ZAGREB, Dec 27 (Hina) – The first medical workers in Croatia got vaccinated against COVID-19 on Sunday, and the vaccines were dispensed at Zagreb’s “Dr Fran Mihaljevic” hospital for infectious diseases.
Resident Nikolina Bogdanic, the first medical worker to get vaccinated, said that she had no doubts as to whether to get immunised.
“Considering what I have been witnessing on a daily basis, I never had any doubts as to whether I should get vaccinated,” she said, adding that she was happy the vaccine had arrived in Croatia so soon.
“Every vaccination is a big step in the fight against this ugly pandemic,” Dr Bogdanic said.
Markotic: Today is important, optimistic day; Beros: We have a powerful weapon
The head of the “Dr Fran Mihaljevic” hospital, Alemka Markotic, said that today was a very important and optimistic day.
“It is very important that we all understand how important it is to protect oneself in the coming months and to get vaccinated in line with the vaccination schedule. The more people get vaccinated, the greater the chance will be that we will protect ourselves,” Markotic said.
She said that 30 employees of the hospital would get vaccinated today and that priority was given to young people.
Health Minister Vili Beros, who attended the vaccination, said that the start of vaccinations heralded an end to the pandemic but he called for compliance with epidemiological restrictions during the cold winter months.
“We now have a powerful weapon in the fight against COVID-19,” the minister said.
“Vaccination is a medical procedure that has saved the most lives in the history of medicine, so let us see to it that that is so this time as well. Vaccination has reduced or eliminated a large number of diseases, let us hope it will be the same with COVID-19… Vaccines reduce the clinical effects of dangerous diseases, so let us be optimistic and get vaccinated,” the minister said.
He noted that talks had been held with representatives of family physicians and that vaccination offices and mobile teams were being organised. Also, work is underway on launching a platform that will make it easier for family doctors to keep a record of people interested in getting vaccinated, the minister said.
He called on citizens to contact their GPs, noting that they are the most relevant factor in assessing their condition and everything related to vaccination.
“Since the vaccination of larger groups of the population is expected in the spring, there is enough time until then and we will certainly organise the vaccination in the best possible way,” said Beros.
HZJZ head: Another 8,000 doses to arrive next week
The head of the Croatian Public Health Institute, Krunoslav Capak, said that slightly fewer than 8,000 doses of the COVID-19 vaccine would arrive in Croatia next week, and that 17,000 doses would arrive in the week after January 4.
After that, 18,000 doses of the Pfizer vaccine will be arriving on a weekly basis, after which slightly greater quantities will be arriving, he said.
Capak expressed hope that after January 10 larger quantities of the Moderna vaccine would start arriving as well.
Earlier in the day, vaccination against COVID-19 began in Croatia, with 81-year-old Branka Anicic, a resident of a Zagreb retirement home, being the first person to get vaccinated.
First two employees of Zagreb’s Dubrava hospital vaccinated against COVID-19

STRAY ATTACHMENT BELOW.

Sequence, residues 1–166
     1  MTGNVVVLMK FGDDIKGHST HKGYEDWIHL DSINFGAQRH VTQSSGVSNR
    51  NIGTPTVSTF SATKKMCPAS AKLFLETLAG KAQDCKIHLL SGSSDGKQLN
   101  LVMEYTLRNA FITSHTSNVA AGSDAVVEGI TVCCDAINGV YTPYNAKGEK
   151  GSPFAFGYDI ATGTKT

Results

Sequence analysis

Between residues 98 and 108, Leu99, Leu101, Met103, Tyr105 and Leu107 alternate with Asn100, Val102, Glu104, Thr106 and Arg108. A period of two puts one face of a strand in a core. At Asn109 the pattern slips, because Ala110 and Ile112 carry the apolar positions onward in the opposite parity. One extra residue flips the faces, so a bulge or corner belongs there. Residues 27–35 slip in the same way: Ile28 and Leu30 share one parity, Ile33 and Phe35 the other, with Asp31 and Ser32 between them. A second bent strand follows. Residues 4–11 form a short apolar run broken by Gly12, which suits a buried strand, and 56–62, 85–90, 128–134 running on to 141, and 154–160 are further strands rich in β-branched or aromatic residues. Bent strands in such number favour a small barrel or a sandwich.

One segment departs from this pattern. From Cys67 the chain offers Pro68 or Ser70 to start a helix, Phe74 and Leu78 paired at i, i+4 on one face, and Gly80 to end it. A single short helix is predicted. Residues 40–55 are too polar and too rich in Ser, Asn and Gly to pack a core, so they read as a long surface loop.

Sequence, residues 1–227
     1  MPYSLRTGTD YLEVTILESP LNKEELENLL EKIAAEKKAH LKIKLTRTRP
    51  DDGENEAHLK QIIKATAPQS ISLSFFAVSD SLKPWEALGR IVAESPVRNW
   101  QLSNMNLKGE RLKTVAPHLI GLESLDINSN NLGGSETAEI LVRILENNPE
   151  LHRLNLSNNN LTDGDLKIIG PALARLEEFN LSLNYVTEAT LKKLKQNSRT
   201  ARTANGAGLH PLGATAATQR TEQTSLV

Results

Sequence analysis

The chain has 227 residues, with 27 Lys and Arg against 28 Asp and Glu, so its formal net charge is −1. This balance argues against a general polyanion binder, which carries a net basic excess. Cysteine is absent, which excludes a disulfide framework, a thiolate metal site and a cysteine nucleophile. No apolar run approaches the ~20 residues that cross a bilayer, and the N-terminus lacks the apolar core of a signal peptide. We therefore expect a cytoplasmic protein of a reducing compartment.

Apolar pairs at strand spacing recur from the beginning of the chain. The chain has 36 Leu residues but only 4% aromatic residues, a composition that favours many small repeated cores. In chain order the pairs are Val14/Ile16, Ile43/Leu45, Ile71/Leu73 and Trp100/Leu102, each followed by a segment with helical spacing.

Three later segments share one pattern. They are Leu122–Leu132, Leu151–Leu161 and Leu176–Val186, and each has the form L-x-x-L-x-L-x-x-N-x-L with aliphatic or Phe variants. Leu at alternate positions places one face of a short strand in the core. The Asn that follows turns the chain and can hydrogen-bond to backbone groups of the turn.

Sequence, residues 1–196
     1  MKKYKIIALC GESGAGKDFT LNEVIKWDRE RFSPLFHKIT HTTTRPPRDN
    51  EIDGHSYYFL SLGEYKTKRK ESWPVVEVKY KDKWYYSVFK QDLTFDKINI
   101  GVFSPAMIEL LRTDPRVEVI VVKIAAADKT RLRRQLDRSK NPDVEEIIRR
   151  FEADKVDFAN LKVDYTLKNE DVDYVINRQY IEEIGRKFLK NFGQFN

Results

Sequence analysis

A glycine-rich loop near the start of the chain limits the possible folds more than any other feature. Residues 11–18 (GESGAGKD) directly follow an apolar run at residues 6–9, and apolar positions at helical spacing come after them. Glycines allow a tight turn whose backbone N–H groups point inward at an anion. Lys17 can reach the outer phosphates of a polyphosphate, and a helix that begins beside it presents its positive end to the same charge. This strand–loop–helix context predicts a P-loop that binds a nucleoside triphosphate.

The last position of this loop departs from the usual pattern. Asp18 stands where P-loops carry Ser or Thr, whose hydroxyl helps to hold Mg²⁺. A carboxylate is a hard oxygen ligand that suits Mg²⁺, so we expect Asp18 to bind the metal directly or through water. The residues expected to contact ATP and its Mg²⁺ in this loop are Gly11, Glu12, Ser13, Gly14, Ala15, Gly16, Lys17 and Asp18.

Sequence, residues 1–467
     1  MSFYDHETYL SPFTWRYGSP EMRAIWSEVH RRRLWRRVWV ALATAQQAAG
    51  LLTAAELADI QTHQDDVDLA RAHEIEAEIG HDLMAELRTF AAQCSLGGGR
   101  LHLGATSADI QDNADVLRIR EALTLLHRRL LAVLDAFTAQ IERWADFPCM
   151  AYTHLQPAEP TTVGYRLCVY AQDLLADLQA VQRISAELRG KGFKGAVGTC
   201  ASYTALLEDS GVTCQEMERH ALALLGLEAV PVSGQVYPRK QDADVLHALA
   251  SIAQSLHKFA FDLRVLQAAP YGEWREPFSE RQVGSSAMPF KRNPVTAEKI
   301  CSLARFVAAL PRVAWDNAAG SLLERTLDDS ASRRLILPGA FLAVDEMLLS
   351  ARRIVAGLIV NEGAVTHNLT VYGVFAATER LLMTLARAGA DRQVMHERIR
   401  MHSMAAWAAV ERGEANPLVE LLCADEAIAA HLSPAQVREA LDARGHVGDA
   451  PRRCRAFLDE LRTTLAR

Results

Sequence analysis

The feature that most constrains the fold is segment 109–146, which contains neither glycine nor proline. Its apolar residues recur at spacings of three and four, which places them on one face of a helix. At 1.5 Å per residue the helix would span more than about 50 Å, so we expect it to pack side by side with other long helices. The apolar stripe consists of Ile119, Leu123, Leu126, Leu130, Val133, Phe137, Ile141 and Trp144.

A physician and a nurse working in the intensive care unit of Zagreb’s Dubrava hospital, converted into the central hospital treating COVID-19 patients in Croatia, got vaccinated against the disease on Sunday.
The vaccination was attended by Health Minister Vili Beros.
Thirty-five employees of the hospital will get immunised today and a total of 200 doctors and nurses working at the hospital will be vaccinated in the next two days.
Acting hospital director Ivica Luksic said that today was a big day, encouraging in many ways.
“The KB Dubrava hospital and all its employees have been on the front line of the battle against the pandemic from the very first day and for all of us this is a new beginning in the treatment of this disease,” he said.
Minister: We will reward KB Dubrava for selfless work done
Minister Beros underlined the role of the KB Dubrava hospital, which has been the most important centre in the country for the treatment of COVID-19 patients since March.
“More than 450 people are treated and 69 receive respiratory support on a daily basis at Dubrava. I learned this morning that 360,000 litres of liquid oxygen is spent an hour in the treatment of our patients. We could not have created such conditions in any other Zagreb hospital,” Beros said, adding that if possible, the government would compensate the hospital and all its employees for their selfless work.
“We will consider expansion to include new, research elements and new services. Once this epidemic is over, that will be a sign of gratefulness to all Dubrava hospital employees,” said the minister.
Beros said the number of infections in the past two days was small but that fewer tests were performed, noting that it was encouraging that the number of new infections had been declining in the past two weeks.
He said that the number of new hospital admissions today was higher than on Saturday but that there were fewer patients on ventilators than yesterday.
“The number of fatalities is the result of developments in the last 2-3 weeks. That number is expected to start going down in a week and a half because the mortality rate will start following the trend in the number of new infections,” said the minister.